Imagine having a heart free from lust, greed and idolatry?  Imagine having a heart that doesn’t need to spend so much energy resisting temptation, because temptation has almost no hold on it?  “Put to death…” he says!  This is incredibly strong language.  It’s not, “subdue” or “push off to the side.”  Paul is saying we can actually kill off the parts of our hearts that lead us away when our lives are truly rooted in Christ.

A system based only around rules is a system based on will power.  And a system based on will power will always fail.

The new life in Christ creates the death of our sin.

Rules help us know what not do to, but they don’t help us not do them.  Paul himself gives a lot of rules and suggestions for holy living throughout his letters.  But with each one comes a way to connect with Christ so we can not only understand why that is something we should do, but also have the power through the Spirit to carry it out.

Spiritual Disciplines

Over the next three months we are going to look at thirteen separate spiritual disciplines that we have in the Christian faith to help us walk the path.  These are things that can help us connect with Christ, give Him the opportunity to sear the sin from our hearts and give us the strength to pursue the love and devotion He longs for us to see:  fasting, meditation, prayer, study, simplicity, solitude, service, submission, confession, worship, guidance, celebration, and obedience.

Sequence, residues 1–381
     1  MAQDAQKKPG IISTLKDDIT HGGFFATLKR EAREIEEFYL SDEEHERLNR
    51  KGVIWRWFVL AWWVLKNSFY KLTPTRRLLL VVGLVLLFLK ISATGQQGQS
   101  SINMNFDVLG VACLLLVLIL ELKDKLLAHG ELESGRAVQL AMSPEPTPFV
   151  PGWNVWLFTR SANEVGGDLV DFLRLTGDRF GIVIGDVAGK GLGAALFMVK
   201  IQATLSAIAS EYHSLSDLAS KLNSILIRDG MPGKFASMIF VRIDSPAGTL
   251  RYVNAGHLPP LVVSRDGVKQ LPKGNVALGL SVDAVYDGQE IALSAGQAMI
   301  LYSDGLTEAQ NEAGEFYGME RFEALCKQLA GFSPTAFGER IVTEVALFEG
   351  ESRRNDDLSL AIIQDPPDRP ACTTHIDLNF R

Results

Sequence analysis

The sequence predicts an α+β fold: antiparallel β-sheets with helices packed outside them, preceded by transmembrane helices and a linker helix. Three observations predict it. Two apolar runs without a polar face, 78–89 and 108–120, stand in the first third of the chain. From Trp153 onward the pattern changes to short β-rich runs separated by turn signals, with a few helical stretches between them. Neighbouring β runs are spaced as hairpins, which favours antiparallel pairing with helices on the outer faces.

But even in these disciplines there are dangers.  These, in and of themselves, can become idols and steer us down the wrong path.  In John chapter 5, Jesus says this to the Pharisee, “You search the Scriptures because you think they give you eternal life. But the Scriptures point to me!  Yet you refuse to come to me to receive this life.”

As we walk this path together, let’s remember that the practices of the Christian faith are not righteousness in and of themselves.  They are tools.  And not tools for us to use.  Tools for God to use in our hearts, to build a foundation.

Like most things in life, we do best when we have accountability.  While trying to get in shape, I have a friend coming out with me, and a wife that knows when to kick me out of my chair and tell me to get going.  I encourage you this week, if you make a choice to get back in spiritual shape, find somebody to either do it with, or at least hold you to account.

I invite you to come with us on this journey, to cast off attitudes of spiritual apathy, and connect with the God who is Living and True.

Humility and Truth

We cannot hope to find truth as long as pride rules our hearts.


Truth is one of the most challenging things to find in our world.  The advent of the internet gives us the ability to justify almost any belief we can think of.  Whatever you want to believe, you can find somebody on the internet with reasoning and evidence to tell you that you are correct.  In matters of faith, science, politics, relationships – whatever you want – there is somebody to tell you that you are right.